During some downtime here, I’ve been passively thinking up projects to occupy my time. Yesterday, I wondered whether there was a web app to properly track films I’ve watched, books I’ve read, etc. Specifically, I want to make a WordPress plugin for storing the history of each film I’ve watched ala the film log link at the top of this page, which is now a flat page I manually update. So I would like a web app where I can just enter a date and movie name where the system would handle retrieving the movie poster, Amazon link, and IMDB link with any meta info that is configured to display.
So then I started thinking where you could go with that if it was on a larger scale with more users. The resulting data set would allow accumulation reports ala Last.FM, but for movies. Keep track of the trends for most popular directors, genres, etc. while allowing tagable items with blog entries from individual users. The big limit here is attaining that userbase since input is not as simple as Last.FM, which just requires a plugin for your PC audio player of choice (with limited support for older iPods).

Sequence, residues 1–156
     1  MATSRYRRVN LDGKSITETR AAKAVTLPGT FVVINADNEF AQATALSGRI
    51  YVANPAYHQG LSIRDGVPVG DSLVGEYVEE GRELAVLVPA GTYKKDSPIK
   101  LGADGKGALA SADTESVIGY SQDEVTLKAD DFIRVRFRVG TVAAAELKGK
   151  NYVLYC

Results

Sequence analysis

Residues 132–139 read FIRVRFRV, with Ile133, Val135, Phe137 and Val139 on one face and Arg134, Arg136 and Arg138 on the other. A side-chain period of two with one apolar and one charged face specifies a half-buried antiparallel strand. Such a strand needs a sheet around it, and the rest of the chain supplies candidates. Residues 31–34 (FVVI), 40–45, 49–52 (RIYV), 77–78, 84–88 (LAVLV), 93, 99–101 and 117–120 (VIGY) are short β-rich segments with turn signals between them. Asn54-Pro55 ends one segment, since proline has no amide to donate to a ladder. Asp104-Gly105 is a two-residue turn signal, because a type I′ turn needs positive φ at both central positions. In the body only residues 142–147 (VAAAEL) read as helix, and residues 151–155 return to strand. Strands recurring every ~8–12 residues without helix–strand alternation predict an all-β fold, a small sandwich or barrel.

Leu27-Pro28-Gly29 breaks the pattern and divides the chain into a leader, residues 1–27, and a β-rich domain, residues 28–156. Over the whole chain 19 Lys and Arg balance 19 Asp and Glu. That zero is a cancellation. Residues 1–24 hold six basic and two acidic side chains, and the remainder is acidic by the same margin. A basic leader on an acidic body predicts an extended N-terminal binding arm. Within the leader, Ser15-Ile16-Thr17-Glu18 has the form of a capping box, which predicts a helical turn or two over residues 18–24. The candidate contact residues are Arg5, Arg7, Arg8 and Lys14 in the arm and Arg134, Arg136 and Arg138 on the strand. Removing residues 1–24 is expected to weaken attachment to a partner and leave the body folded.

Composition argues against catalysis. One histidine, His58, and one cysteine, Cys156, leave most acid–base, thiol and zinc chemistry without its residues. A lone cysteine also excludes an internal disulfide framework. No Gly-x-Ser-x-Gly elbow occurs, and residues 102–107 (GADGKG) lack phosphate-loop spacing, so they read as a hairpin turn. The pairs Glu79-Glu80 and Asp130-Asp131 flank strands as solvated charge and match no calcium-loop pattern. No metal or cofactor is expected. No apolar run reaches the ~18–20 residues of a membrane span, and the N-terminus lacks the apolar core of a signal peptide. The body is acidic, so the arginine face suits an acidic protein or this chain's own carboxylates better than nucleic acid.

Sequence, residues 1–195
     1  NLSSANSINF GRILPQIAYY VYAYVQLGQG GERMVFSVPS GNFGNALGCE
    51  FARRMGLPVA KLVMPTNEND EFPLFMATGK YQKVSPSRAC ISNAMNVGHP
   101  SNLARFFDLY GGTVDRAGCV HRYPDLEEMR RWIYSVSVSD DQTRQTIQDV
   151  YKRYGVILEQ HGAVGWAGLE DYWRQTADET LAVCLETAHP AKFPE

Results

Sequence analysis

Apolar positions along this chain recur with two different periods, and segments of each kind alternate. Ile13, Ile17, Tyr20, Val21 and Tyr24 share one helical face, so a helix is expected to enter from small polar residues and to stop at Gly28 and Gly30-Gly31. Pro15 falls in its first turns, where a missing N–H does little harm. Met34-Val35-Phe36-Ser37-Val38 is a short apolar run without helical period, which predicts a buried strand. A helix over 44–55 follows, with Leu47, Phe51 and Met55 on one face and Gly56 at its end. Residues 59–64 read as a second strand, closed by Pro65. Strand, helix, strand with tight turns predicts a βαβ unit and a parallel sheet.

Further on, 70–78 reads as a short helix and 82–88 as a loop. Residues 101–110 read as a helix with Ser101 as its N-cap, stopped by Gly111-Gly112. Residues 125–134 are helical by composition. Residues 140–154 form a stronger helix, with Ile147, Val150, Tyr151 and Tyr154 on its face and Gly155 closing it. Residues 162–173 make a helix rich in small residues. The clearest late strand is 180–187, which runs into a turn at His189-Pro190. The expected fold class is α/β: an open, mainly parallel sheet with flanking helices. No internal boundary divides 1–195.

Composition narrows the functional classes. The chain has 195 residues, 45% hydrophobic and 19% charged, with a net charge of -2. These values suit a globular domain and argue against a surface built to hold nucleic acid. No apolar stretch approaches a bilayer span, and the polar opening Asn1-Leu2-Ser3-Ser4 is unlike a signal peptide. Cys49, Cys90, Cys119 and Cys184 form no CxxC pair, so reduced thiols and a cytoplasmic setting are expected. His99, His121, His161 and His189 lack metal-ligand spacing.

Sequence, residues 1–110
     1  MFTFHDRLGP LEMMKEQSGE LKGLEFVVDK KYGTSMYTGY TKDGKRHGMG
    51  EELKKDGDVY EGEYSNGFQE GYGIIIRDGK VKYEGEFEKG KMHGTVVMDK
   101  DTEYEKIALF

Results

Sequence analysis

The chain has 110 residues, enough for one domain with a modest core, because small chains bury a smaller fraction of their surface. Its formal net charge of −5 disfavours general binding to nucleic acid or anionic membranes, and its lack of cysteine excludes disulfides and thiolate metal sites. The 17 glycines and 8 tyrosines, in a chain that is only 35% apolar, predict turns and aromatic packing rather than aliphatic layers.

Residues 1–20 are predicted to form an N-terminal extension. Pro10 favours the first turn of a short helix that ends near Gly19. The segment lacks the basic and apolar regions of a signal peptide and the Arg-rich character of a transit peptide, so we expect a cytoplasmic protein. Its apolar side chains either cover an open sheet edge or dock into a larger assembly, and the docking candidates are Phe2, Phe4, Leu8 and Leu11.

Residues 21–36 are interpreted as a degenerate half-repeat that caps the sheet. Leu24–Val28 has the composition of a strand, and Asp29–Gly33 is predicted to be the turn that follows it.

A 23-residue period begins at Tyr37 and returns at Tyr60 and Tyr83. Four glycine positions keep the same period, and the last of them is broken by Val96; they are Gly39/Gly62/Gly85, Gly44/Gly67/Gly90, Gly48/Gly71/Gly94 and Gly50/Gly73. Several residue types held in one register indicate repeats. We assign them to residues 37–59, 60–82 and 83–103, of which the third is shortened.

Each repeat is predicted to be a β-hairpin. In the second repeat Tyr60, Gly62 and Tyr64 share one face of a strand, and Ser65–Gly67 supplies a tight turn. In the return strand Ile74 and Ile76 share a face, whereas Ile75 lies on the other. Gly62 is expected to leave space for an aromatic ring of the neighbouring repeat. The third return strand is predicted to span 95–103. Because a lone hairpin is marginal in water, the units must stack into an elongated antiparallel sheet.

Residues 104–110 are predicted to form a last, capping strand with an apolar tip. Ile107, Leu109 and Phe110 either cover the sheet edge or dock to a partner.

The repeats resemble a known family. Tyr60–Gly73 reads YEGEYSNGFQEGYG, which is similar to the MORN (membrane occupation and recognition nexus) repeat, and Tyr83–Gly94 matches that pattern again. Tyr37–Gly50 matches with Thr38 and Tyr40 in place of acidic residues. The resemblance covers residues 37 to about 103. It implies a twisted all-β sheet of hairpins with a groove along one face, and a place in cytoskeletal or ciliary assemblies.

I admit the use of such a system is a novelty, but my original idea should be easy to implement given the set out requirements. Not according to IMDB. There have no public API to speak of. Instead: flat files. Seriously? Their EULA states no screen scrapers are allowed however I found a series of user-made APIs that provide limited data (that are at the whim of IMDB redesigns):
Blog posts dating back to 2005 and 2006 indicate Amazon (the owners of IMDB) have been planning on delivering an API. Way to be on the ball, guys. Hundreds of startups have begun from scratch and delivered public platforms while your thumbs twiddle. The situation now allows people to get more access to the closed-systems, at a price. Maybe there’s a resistance to public APIs due to the bandwidth bills that won’t necessarily translate into advertising dollars. But isn’t that the whole reason businesses like Yahoo are going public? “Web 2.0 ecology” (I cringe while typing this) and all that allow mash-ups from open platforms to create cool applications and bring brand awareness.
The IMDB job postings indicate an API is in the works, but I guess my idea will just lay to waste until it comes around. Maybe, for now, we can just tracking our movie history by adding them individually to Google Calendar and tagged them as “film watched”. That isn’t as cute.